3 Spiritual Practices to Try This Week
November 19, 2018
Spiritual practices can seem like a daunting addition to our busy schedules. They say it takes something like three weeks to form a habit, too, so even if you start a spiritual practice of—say—daily bible reading, or prayer walking, can you stick with it long enough to form it into a habit? Maybe some remarkable folks among us create habits out of these disciplines, but I think it’s safe to say that many of us struggle to create space for regular spiritual practices in our busy lives. And then once we have made the space, we quickly forget about them.
Spiritual practices don’t have to be interruptions to your routine. Here are just three suggestions for things you can try this week that won’t require you to find extra time or go anywhere special.
1. A Palm Prayer
The palm prayer is a simple gesture prayer that can capture the spiritual act of releasing burdens to God and receiving grace and blessing from God. One simply holds their hands out in front of them, faces their palms down for a period of time, and then faces their palms up.
You can pray with words while doing this if you like. For example, with palms facing down, I might pray, “God, I give you to you the anxiety I’m experiencing right now.” With palms facing up, I might pray something like, “God, I receive the peace of your Spirit.”
But you don’t have to use words. You might just welcome a brief moment of internal silence, and hold your hands palms down for a beat, and then turn them up for a beat. Try it. You can even hold your hands under your desk at work.
2. A Warm Cup Prayer
Use your existing routines, and turn them into brief spiritual practices. Do you enjoy a ritual hot beverage in the morning? If so, try this:
Hold your cup of coffee/tea/hot water/hot cocoa, and allow your hands to feel the warmth of the cup. Can you, for a moment, imagine this warmth to be the warmth of the Spirit of God, radiating into you through your hands? Before you sip your coffee, notice the warmth.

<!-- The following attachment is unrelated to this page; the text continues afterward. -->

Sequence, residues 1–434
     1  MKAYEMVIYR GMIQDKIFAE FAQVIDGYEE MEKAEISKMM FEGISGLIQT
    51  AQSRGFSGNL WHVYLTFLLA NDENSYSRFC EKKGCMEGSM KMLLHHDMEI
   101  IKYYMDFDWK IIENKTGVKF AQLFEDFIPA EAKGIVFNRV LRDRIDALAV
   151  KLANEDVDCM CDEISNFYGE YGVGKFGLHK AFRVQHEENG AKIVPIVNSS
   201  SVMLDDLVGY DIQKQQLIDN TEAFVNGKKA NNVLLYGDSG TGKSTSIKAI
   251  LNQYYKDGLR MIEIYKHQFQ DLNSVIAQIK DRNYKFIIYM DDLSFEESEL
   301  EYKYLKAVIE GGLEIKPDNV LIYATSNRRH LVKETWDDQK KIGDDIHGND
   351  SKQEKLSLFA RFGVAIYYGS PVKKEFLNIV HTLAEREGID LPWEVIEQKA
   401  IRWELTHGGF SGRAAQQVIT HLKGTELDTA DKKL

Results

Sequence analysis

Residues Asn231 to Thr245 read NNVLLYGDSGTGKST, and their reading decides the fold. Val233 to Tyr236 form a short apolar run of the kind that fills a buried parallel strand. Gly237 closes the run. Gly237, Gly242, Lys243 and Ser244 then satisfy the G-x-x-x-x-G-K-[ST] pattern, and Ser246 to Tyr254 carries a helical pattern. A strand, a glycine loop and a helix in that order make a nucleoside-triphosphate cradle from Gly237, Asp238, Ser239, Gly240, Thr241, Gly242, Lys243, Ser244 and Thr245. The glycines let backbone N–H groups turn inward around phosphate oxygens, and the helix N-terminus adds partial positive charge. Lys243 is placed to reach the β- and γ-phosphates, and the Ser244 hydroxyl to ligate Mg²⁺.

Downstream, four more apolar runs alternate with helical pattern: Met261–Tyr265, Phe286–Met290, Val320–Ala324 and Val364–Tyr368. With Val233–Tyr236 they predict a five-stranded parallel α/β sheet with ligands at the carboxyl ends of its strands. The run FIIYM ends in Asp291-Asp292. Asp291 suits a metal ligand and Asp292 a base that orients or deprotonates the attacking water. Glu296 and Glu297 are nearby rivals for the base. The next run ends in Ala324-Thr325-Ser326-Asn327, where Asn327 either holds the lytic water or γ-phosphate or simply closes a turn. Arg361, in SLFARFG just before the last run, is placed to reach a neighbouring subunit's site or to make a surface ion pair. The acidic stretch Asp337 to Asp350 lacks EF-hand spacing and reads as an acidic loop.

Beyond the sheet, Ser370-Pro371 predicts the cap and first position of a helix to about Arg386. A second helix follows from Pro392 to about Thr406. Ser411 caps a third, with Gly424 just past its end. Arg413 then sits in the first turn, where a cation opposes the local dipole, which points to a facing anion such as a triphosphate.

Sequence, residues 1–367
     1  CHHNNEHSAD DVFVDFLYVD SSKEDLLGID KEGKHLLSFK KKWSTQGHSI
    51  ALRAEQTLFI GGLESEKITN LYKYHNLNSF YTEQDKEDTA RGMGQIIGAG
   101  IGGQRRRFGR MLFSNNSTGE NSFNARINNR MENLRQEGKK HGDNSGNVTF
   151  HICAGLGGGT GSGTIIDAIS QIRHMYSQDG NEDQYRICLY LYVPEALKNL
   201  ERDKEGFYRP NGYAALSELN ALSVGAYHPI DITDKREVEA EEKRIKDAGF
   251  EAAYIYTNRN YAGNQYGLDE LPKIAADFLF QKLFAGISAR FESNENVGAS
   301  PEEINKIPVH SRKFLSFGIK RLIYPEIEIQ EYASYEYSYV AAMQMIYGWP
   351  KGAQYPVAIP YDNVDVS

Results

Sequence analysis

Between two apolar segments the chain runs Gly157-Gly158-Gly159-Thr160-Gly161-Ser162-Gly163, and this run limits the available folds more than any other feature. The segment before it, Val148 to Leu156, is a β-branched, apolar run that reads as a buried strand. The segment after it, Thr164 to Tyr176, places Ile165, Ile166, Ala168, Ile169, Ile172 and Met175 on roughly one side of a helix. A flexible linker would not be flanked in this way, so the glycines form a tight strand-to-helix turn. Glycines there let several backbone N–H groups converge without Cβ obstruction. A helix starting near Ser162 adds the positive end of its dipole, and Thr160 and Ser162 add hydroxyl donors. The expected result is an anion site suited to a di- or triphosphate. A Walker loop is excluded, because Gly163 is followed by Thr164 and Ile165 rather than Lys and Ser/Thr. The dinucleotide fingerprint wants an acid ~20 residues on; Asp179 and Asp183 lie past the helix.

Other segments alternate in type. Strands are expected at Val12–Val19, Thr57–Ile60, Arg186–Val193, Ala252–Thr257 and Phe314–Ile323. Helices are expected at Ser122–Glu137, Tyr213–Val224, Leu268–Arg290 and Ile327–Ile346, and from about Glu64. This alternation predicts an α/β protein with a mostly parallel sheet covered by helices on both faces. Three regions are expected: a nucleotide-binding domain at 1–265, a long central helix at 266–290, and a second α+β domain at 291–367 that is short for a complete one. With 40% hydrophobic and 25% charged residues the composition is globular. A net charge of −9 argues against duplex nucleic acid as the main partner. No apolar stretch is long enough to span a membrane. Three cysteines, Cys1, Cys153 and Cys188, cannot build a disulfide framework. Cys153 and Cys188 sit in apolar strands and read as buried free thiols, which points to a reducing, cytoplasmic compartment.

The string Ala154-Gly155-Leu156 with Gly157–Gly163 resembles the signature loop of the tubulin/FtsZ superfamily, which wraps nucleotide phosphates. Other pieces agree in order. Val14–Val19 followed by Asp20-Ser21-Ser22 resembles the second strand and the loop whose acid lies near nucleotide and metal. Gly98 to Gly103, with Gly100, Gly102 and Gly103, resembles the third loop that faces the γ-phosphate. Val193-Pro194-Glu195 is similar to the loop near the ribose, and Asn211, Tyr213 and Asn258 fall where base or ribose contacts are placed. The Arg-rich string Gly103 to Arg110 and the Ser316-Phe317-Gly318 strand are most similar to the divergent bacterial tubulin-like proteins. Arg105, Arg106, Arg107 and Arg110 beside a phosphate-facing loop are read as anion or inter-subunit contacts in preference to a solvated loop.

Raise your cup to take a sip. As you do, can you imagine that the content’s of your cup are the life-sustaining nourishment of God? As you drink, welcome the life-giving nourishment of Jesus, who compares himself to food and drink. You can say words with this prayer too, if you want. But you don’t have to. Just allow the drinking of your cup to evoke for you the act of being nourished by a warm, energizing, sustaining God.
3. A Touch Prayer
This spiritual practice requires a tiny amount of pre-planning, but is the briefest practice of the lot.
Choose a spot in your home that you pass by often. Perhaps it’s your fridge, or the area next your front door. Now choose some kind of symbol of faith you connect with God. Maybe it’s a traditional cross, or some kind of art work; maybe it’s a memento that represents a relationship you’re grateful for, or a photograph of a time you remember God’s presence. Let this symbol be of your choosing. Take your item—your faith anchor, we’ll call it—and hang it in the spot that you chose.
Try briefly and gently touching this anchor with your fingertips when you pass by it, whenever you remember it. If your anchor is next to your front door, briefly touch it as you leave each day. As with the other prayers, you can certainly pray with words as you do this. But you might also just remember whatever feeling of connection to God and other that this anchor evokes in you. Allow yourself that daily moment of feeling-memory.
There are, of course, so many spiritual practices we can add into our schedules, some more time consuming than others. But sometimes these brief moments we take to simply notice our need for God, or our connection to God, can be the richest spiritual practices of all.